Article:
Eeny, Meeny, Miny, Moe
Participating artists: Ana Chaduneli, Tamar Chaduneli, Thea Gvetadze, Mamuka Japharidze, Gvantsa Jishkariani, Keti Kapanadze, Tamara K.E., Nika Kutateladze, Emma Lalaeva – Ediberidze, Lado Lomitashvili, Avto Meskhi, Maia Naveriani, Gio Sumbadze, Beso Uznadze.
Special appearance of works by Maxime Ortoidze and Nina Ortoidze.
Project ArtBeat presents
‘Eeny, Meeny, Miny, Moe’
‘The same but not equal’ - Rirkrit Tiravania
A group show curated by Natia Bukia
‘As long as I remember the subject of gender inequality for me has been of a great importance. Since I have become a mother, around 5 years ago, I have been to enormous amount of children’s birthday parties. In Georgia kids’ party venues are all very similar. Special entertainment often includes competitions. For simplicity children are often divided into groups according to gender where no rules for the size of the groups or the ages of the group members are considered. For me these ‘competitions’ are a reflection of the absurd division of men and women that is taking place in the real life.
Since prehistoric times men and women have been put in confrontation, their differences rather their similarities have been highlighted. ‘No group ever defines itself as One without immediately setting up the Other opposite itself’ – Simone de Beauvoir (The Second Sex, 48 pg.) The fact that gender inequality is a problem still unresolved today is due to the fact that men and women remain in competition. It seems that recently this division has become more intense. This can be attributed to women, whose actions have become an additional trigger for this ‘race’. Their century-old being in unequal conditions with men can be an objective factor for their sudden change but it is still important to realize that the nature of a woman is less competitive. Being in a race is not something a woman inherently requires. Still this division in different teams hinders our longed-for aim of equality.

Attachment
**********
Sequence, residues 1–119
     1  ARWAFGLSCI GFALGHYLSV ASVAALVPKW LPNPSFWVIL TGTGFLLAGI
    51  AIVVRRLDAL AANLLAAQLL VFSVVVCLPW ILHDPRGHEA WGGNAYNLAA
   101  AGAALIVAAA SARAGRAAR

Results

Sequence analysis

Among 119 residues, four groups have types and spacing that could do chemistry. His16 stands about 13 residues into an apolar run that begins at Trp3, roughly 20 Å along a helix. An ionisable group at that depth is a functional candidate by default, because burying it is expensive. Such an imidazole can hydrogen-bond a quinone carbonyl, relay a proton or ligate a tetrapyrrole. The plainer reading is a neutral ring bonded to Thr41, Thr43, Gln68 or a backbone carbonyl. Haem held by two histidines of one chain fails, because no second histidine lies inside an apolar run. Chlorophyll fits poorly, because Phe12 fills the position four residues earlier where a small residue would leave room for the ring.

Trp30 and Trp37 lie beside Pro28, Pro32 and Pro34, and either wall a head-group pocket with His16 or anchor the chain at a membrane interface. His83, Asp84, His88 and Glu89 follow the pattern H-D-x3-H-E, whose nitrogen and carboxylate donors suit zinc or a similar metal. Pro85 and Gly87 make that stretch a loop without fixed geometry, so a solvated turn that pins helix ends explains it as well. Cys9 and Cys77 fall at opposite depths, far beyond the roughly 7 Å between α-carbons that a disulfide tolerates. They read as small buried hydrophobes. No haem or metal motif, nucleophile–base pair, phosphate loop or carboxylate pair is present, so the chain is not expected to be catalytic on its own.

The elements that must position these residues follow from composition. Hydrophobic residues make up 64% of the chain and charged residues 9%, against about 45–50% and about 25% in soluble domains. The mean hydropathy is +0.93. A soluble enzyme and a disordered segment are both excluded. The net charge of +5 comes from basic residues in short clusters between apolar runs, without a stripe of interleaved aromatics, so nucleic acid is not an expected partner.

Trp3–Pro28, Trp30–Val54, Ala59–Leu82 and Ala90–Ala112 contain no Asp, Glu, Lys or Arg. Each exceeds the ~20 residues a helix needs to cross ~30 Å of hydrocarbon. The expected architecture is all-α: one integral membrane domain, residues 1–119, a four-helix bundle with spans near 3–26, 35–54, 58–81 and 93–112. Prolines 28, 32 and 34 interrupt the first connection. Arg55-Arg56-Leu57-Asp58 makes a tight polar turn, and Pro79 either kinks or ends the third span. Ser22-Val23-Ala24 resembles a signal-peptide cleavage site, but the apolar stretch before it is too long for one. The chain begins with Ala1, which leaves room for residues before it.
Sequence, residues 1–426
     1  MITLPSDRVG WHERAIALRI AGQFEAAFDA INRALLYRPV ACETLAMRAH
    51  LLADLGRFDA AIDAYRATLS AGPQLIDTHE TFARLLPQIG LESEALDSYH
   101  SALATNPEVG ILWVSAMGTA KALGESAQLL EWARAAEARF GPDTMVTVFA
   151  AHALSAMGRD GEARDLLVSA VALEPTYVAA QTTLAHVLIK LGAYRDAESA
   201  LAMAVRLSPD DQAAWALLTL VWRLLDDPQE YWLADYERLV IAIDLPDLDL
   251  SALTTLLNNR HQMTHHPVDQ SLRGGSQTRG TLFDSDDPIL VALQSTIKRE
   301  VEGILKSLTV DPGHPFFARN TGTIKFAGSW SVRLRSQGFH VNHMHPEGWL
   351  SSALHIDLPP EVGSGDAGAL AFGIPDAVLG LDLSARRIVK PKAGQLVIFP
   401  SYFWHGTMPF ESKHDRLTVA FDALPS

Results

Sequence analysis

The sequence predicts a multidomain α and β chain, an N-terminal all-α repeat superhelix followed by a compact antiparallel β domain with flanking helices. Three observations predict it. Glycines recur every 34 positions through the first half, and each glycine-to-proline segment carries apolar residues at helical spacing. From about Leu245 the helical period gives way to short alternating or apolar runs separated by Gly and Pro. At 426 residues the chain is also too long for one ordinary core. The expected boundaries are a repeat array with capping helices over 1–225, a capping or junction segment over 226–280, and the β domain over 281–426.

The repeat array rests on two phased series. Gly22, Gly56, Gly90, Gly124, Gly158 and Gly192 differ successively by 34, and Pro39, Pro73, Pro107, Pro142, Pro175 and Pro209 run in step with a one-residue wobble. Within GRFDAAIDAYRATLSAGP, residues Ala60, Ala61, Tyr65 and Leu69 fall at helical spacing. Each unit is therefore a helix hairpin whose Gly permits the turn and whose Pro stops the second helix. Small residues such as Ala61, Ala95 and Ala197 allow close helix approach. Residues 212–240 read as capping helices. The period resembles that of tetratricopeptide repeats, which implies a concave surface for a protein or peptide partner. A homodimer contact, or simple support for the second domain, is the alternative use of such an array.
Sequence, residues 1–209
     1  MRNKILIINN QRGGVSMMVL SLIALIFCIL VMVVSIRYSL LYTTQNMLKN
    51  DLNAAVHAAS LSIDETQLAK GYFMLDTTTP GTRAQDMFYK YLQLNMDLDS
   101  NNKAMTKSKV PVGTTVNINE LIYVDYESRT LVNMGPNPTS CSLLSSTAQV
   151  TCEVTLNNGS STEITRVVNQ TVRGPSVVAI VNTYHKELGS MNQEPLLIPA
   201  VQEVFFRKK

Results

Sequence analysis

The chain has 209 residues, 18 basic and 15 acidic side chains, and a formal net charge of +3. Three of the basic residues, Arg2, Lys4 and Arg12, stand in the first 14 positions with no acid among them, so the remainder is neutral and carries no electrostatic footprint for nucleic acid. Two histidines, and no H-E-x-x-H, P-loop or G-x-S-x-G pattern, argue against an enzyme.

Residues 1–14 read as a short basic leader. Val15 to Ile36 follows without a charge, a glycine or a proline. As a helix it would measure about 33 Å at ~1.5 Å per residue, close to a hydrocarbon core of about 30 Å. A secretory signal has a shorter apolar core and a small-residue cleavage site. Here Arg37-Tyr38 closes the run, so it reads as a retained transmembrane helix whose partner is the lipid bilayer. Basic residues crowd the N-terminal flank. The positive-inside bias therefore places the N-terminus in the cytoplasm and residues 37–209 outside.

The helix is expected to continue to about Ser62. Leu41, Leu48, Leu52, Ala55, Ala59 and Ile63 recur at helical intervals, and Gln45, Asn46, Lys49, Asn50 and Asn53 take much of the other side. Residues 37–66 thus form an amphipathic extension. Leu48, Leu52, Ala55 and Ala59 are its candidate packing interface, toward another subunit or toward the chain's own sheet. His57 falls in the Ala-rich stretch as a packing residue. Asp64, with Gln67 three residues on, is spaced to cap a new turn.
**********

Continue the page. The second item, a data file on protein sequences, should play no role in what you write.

‘Eeny, Meeny, Miny, Moe’ is an exhibition uniting 14 contemporary and modern Georgian artists, who have been divided into two teams. The exhibition is on purpose likened to the competition of Georgian kids’ birthday parties where during division between teams no rules for the equal size of the teams nor equal ages and capacities of the participants are taken into consideration. But this is done for the opposite reason, to emphasize the main flaw that still keeps gender inequality problem alive. In this exhibition all have been given same opportunities and same freedoms. It is important to show the similarities of the ‘teams’ together with their differences. During artwork selection main consideration has been given to highlighting the individualism of each artist together with the diversity of contemporary Georgian art. Although showing works, which either strictly adhere to gender stereotypes or the opposite, destruct them has become of additional interest. This exhibition is not a thorough analysis of the gender inequality problem. This exhibition serves to emphasize the absurd nature of this competition, as is the case in real life, here also no one gets the prize.
This exhibition is dedicated to my children Maxime, Nina and Petre, so that they can embrace each other’s differences but still stay equal. So that they continue to play in the same team as is the case now.’ – Natia Bukia
Photo credit: Amiko Kavtaradze